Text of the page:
Neva Ingalls is a certified yoga therapist with Yoga Alliance and director of Inner DomainYoga teacher training program. Neva is a 55-year-old mother with thirty years of experience in dance as a healing art, Ashtanga, Iyengar, Vinyasa, Raja and Tantra Yoga.  She has taught in Europe and the United States. Her classes teach students to find a balance of strength, vitality, surrender and flow that can be carried from the mat into all aspects of life.

Neva wrote this blog to share her first-hand experience of the benefits prison inmates derive from their Peace Education Classes at the Montgomery County Correctional Facility in Maryland.

I was fortunate to hear Prem Rawat speak recently at the Warner Theater in Washington DC in July of 2012. The DVD portraying the Peace Education Program being implemented in prisons across the country, particularly the facility in San Antonio, Texas, moved me deeply.

Seeing and hearing these men express hope and a positive vision for the future based on what they understood from listening to Prem Rawat struck me powerfully. I realized that Prem Rawat’s message of the possibility of inner peace was an important message to share with people in any environment.

Shortly after the Washington DC event, I was invited to observe a Hatha yoga (physical yoga practice) at the MCCF in Maryland.  An esteemed colleague of mine has taught the class on a voluntary basis for over 15 years. She teaches a group of men and women (separately) who have addiction issues.

I accepted the invitation, seeing it as an opportunity to explore the possibility of introducing Prem Rawat’s message at the prison. I lent a DVD of one of Prem Rawat’s public addresses to my yoga colleague and told her about the success of the Peace Education Program in reaching and helping prisoners around the country in a very tangible way.

My friend said that she did not feel a connection with Prem Rawat, so I dropped the idea and accompanied her anyway, slightly discouraged, but still hoping I could help in some way.

We arrived and guards escorted us through security and long corridors of automatically locking steel doors. Quite intimidating! The young women I encountered that day seemed listless but committed to being at my friend’s yoga class.

My friend introduced me as a guest teacher observing the class. She began with an overview of yoga philosophy. Although, many Hatha yoga classes taught today focus primarily on the physical body, my friend received her training from respected teachers in India years ago. She emphasizes the core teaching of finding a stillness that is sacred within.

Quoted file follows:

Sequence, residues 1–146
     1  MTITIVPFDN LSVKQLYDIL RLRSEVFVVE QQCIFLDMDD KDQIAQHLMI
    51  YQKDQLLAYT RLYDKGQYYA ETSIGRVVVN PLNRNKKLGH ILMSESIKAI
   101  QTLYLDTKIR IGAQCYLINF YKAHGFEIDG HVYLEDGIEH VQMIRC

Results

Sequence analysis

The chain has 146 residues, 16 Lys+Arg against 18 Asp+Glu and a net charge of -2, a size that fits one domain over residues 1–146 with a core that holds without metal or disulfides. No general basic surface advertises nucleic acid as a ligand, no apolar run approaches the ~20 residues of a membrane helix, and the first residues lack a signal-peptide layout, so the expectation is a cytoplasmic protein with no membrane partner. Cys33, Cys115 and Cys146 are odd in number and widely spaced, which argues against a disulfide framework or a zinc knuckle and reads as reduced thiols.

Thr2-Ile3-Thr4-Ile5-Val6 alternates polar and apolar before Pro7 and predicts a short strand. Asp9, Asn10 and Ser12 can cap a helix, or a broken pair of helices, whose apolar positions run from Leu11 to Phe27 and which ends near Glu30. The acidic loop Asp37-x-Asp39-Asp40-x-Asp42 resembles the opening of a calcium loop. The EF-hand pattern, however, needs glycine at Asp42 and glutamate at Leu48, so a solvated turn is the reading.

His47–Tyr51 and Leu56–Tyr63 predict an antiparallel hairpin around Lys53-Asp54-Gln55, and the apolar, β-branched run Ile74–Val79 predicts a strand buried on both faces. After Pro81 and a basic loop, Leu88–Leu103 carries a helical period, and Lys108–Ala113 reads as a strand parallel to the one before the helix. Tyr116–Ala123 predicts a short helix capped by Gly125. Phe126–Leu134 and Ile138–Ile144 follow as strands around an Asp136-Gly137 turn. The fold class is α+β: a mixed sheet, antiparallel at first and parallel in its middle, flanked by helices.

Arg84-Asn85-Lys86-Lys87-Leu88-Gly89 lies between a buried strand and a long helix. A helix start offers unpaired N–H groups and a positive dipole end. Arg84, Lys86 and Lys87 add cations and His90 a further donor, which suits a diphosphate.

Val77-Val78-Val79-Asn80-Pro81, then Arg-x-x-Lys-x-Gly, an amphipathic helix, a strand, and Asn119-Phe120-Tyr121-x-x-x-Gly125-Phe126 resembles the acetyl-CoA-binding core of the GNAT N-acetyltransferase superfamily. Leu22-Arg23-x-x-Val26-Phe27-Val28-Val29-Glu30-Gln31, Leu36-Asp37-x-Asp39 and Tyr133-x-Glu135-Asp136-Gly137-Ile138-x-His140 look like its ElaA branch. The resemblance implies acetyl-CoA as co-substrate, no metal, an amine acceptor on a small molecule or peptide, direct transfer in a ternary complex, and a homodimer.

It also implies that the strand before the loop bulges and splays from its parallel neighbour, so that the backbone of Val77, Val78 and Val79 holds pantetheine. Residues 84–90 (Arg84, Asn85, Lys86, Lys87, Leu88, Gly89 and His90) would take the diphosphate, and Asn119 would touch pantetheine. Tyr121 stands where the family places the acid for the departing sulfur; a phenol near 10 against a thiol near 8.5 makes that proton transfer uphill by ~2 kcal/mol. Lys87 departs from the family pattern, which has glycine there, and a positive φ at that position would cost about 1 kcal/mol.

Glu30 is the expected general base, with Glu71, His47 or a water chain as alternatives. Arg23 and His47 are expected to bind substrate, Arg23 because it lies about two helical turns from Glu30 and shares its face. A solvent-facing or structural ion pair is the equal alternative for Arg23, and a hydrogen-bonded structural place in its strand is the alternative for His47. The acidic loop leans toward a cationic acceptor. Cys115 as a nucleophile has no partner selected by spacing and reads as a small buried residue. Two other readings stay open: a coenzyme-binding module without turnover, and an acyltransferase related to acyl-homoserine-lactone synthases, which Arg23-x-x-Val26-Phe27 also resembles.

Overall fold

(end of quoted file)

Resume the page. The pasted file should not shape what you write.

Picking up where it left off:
Shortly after the class began, one of the students raised her hand and asked if we knew of Prem Rawat! Three or four others joined in enthusiastically, wanting to know if we’d heard of him. Imagine my surprise, elation and slight chagrin, because, of course it became clear to me that Prem Rawat’s message had already been introduced at this facility. I was very happy to realize this after my initial embarrassment!

My friend told the girls that I was a long time student of Prem Rawat. They wanted to know all about my relationship with him.

I described my introduction to Prem Rawat in 1975, and explained how his message of peace has profoundly affected my life in a positive way. The women were so excited! The energy in the room was so significantly altered and full of light, laughter and joy. It was amazing to see the transformation from the listless inmates I first encountered to these young women bubbling with joy and hope. Two or three students declared the first thing they planned to do upon their release was to go and see him in person.

One girl said, “After hearing him, there is no going back!”

I have to say that for me, seeing this example of transformation first-hand made this whole experience of going to the prison one of hope, joy and gratitude. I felt there was a reason I went, beyond observing my friend teach.

Once again, Prem Rawat touched my life in a deeply personal way. Words cannot describe how grateful I am to him for his determination to bring his message of peace to me and anyone else who wants to listen. I am thrilled that Chris Taney and the Maryland PEP team took the initiative to establish PEP at the MCCF.

Inmate Artwork from Montgomery County Correctional Program

 

 

 

 

 

 

Share this story

FacebooktwitterredditpinterestlinkedinmailFacebooktwitterredditpinterestlinkedinmail